TECHNOLOGY GIANT Apple paid approximately 2% in corporation tax outside the United States, according to its filing with the country’s regulators.
It paid $713m (£445m) in the year ending 29 September on foreign pre-tax profits of $36.8bn – just 1.9% – the company’s 10-K form filing with the US Securities and Exchange Commission shows. The form is used to summarise the performance of public companies.
The news comes after it emerged overseas companies could owe HM Revenue & Customs as much as £11bn, while money owed by domestic businesses may bring the figure up to £25bn.
The data, from law firm Pinsent Masons, shows that 44% of corporations that wrongly withhold tax from the Revenue are overseas businesses.
It is not the first time Apple’s tax affairs have been in the spotlight, after it emerged in April that the company had paid just £10m of UK corporation tax despite earning £6bn in 2010/11.
Fellow multinationals Amazon, Facebook, Starbucks and Google have also been accused of engaging in tax mitigation schemes, with the latter pair set to appear before the Public Accounts Committee in the near future.
HM Revenue & Customs bosses – including chief executive Lin Homer – are due to appear before the committee later today as it looks at the department’s accounts for 2011/12.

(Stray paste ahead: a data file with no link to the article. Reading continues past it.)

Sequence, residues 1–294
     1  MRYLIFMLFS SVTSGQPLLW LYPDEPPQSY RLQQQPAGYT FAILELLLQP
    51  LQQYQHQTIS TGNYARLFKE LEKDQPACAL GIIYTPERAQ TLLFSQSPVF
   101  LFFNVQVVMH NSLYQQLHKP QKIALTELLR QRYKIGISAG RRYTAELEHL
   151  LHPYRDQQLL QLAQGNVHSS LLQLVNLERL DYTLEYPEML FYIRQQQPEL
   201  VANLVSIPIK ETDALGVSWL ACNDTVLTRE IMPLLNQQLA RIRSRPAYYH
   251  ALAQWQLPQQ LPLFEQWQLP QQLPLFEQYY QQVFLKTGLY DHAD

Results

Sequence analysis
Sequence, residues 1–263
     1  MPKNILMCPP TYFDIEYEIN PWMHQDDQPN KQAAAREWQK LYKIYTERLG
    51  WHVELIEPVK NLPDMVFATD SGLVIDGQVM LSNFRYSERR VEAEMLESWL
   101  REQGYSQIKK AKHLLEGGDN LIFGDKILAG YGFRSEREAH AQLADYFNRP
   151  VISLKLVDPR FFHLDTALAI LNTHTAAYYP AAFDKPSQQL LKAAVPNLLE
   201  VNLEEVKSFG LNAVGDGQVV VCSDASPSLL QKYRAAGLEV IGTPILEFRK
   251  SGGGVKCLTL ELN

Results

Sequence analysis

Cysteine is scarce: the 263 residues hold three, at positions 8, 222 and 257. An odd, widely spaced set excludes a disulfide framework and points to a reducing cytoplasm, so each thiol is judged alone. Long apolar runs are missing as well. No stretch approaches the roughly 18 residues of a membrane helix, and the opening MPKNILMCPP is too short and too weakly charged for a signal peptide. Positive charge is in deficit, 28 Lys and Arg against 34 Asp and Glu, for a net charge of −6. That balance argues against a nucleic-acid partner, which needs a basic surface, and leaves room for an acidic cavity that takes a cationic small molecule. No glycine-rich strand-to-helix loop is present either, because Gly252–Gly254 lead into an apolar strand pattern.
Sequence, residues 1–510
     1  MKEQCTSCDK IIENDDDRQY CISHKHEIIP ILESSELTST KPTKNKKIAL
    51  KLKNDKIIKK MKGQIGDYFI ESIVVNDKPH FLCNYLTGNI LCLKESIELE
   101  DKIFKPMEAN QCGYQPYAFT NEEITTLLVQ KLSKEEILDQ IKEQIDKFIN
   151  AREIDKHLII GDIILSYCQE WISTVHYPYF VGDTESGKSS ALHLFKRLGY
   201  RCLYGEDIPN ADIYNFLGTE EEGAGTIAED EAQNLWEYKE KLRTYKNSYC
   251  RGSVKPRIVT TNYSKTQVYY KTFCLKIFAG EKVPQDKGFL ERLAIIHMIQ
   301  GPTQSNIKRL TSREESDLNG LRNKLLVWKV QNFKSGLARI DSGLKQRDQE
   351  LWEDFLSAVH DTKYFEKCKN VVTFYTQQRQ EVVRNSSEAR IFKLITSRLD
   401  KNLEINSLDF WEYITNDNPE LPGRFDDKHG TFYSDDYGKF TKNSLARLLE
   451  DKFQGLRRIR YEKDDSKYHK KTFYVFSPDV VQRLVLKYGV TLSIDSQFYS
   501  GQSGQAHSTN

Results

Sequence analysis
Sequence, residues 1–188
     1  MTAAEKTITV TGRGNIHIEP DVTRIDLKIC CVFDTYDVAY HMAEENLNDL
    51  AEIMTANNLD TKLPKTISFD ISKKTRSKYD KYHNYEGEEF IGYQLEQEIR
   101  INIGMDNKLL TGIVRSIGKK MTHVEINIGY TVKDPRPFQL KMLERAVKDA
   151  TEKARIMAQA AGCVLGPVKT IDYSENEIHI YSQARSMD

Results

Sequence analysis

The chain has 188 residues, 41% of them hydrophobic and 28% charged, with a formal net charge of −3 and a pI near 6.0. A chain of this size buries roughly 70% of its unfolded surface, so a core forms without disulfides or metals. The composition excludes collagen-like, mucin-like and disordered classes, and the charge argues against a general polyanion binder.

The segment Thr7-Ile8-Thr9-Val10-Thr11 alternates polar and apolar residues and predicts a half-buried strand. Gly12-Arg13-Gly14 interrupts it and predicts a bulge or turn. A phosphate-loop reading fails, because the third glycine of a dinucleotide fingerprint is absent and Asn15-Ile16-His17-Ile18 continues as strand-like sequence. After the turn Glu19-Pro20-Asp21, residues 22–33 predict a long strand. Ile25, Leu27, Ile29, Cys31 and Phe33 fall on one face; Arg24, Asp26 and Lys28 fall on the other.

No date has yet been set for Google’s and Starbucks’ appearances.
Lord Howard Leigh of Hurley discusses the government’s initiatives to mitigate tax avoidance and evasion
Top 50+50: Demand for tax advisory services remains high, but fee pressure is expected in relation to compliance services
The demand for tax advisory services remains high and this looks to continue; but fee pressure is expected in relation to compliance services as the “Making Tax Digital” initiative is rolled out,
While some resistance to change is to be expected, the degree of controversy surrounding HMRC's Making Tax Digital proposals has surprised the government
Kevin Reed discusses the worrying findings from HMRC on micro-businesses' problems handling Real-Time Information, and the latest thoughts on how accountants can provide value-added services